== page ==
Gulf Shrimpers Petition Trade Commission On Shrimp PricingBy Evelina Burnett | Published 13 Aug 2013 09:19am |
A coalition representing the Gulf shrimp industry will argue before the International Trade Commission at a hearing today that U.S. shrimpers and processers are being injured by foreign subsidies on imported shrimp and they’re hoping this will level the playing field for American shrimpers.
A shrimp boat loads up with ice at the Pass Christian harbor. The current price of shrimp ranges, depending on the size of the crustacean, but dealer Jerry Forte says he’s seen a jump of about 10 to 15 cents per pound in the past few days. That’s welcome news for the struggling Gulf shrimping industry, but Forte says it’s still not enough,
"The price needs to be higher where all the boats can make a living and all the dealers can make a living," he says.
Between hurricanes, soaring gas prices and the oil spill, the Mississippi shrimp industry has had a rough time. Forte says shrimp prices now are lower than they were 25 years ago. One of the main factors driving down prices is competition from imported shrimp. David Veal of the Coalition of Gulf Shrimp Industries says these imports have an unfair advantage: government subsidies.
"We will compete with any business firm around the world, but a processor in Biloxi competing with the government of India is not something that we're able to do, and if they subsidize their industry to the tune of 20 or 30 or 40 percent per pound, there's no way for an American business to compete with that," Veal says.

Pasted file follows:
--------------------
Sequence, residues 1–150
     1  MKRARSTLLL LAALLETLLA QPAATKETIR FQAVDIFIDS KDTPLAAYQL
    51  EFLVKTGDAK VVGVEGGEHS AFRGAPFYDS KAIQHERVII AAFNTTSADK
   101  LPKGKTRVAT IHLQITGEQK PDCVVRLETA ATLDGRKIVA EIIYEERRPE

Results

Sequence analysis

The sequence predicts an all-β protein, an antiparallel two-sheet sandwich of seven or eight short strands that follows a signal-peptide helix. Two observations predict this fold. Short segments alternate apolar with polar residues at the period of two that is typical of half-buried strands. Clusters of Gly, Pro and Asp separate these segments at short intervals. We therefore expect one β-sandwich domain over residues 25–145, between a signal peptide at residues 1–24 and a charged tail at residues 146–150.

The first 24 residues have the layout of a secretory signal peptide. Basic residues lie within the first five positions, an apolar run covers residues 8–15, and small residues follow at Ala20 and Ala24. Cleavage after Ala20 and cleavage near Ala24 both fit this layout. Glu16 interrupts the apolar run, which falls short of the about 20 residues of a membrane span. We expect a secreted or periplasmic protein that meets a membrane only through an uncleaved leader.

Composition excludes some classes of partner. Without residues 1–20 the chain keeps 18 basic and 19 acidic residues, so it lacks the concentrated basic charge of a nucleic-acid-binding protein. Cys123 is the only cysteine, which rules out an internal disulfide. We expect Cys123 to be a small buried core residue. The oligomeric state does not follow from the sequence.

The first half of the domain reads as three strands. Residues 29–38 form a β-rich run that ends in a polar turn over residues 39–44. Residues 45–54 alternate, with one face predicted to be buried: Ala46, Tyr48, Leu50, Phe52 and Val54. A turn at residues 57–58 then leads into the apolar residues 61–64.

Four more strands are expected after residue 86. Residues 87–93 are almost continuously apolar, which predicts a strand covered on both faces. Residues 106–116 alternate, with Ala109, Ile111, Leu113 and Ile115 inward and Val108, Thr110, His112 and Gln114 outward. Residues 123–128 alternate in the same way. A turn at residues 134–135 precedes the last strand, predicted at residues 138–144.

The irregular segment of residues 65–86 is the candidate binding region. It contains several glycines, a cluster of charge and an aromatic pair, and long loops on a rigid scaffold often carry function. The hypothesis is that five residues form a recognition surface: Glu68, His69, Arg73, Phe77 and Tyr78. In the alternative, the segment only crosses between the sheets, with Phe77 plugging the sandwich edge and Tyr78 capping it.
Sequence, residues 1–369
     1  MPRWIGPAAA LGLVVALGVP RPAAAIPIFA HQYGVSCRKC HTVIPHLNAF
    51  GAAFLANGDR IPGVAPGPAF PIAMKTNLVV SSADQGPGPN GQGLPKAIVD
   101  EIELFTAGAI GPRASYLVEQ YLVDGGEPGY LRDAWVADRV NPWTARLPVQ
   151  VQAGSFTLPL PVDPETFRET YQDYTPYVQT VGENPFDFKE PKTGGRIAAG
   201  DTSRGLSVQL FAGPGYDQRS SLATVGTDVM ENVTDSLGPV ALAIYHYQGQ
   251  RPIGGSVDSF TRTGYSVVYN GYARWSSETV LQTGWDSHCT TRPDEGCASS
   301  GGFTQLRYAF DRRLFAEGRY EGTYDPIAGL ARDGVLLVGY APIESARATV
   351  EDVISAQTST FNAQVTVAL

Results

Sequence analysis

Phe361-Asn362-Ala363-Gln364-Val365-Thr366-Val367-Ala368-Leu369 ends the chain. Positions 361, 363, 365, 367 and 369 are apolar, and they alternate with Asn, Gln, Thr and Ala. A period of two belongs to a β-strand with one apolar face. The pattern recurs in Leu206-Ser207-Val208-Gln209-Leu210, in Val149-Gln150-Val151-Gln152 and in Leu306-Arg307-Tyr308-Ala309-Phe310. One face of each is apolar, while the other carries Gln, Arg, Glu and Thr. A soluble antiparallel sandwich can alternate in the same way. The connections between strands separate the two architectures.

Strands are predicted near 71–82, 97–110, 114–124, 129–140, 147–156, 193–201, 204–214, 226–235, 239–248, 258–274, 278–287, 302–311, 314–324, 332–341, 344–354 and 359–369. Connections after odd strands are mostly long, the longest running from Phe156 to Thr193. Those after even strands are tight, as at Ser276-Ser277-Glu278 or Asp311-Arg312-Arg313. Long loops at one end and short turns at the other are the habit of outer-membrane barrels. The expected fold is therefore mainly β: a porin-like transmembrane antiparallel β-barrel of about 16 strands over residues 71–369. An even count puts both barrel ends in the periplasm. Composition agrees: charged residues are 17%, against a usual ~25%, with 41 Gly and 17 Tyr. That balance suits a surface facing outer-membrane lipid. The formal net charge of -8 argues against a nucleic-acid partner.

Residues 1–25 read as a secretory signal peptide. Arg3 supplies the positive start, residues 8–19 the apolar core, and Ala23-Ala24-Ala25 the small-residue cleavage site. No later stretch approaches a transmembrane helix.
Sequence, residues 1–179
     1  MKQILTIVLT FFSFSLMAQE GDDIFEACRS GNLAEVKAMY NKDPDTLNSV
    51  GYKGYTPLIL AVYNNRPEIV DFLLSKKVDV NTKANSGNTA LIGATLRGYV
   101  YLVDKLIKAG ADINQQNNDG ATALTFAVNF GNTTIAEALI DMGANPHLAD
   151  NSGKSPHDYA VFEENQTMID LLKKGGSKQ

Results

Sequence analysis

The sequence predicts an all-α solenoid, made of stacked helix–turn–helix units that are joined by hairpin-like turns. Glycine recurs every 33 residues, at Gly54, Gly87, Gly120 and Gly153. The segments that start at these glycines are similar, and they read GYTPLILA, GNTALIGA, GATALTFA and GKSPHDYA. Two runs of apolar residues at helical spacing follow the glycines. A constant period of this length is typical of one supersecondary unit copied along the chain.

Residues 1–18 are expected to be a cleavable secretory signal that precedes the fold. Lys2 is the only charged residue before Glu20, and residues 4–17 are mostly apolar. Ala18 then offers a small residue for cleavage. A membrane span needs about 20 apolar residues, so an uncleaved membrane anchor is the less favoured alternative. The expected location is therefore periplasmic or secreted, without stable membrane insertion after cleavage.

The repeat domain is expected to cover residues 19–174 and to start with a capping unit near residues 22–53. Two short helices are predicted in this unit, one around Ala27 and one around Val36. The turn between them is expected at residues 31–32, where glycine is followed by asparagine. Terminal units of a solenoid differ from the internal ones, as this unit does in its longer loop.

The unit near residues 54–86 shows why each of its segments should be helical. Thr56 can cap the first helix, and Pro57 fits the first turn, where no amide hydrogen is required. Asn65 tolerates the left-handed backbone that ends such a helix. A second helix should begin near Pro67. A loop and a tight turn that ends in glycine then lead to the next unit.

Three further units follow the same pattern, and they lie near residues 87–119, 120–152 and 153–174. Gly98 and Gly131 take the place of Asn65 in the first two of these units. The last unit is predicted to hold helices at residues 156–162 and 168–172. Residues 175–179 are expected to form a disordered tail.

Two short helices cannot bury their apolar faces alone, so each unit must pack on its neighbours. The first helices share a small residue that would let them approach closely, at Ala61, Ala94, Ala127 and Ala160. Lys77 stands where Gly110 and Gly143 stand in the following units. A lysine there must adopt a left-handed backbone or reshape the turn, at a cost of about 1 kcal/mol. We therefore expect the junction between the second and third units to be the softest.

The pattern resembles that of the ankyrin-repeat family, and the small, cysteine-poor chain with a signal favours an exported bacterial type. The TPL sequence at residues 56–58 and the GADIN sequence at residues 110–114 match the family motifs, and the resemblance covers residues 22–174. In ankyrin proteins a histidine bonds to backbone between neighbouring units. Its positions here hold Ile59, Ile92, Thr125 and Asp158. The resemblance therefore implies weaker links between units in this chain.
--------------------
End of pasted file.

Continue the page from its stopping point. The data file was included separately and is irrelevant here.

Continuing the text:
The Department of Commerce will also release a report today with its final determination of foreign subsidy rates in seven countries. In a preliminary report in May, it found subsidies ranging from about 2 percent to as much as 62 percent. It then put in place temporary bonding requirements reflecting these rates.
"Those had an immediate and rather dramatic affect on the price of shrimp here in this country and we've seen a dramatic increase in dockside price that vessels are being paid for as a result of that," Veal continues.
The International Trade Commission is expected to issue its opinion in September. If it finds U.S. companies are being injured by the subsidies, the commerce department can then issue tariffs on the imported shrimp.
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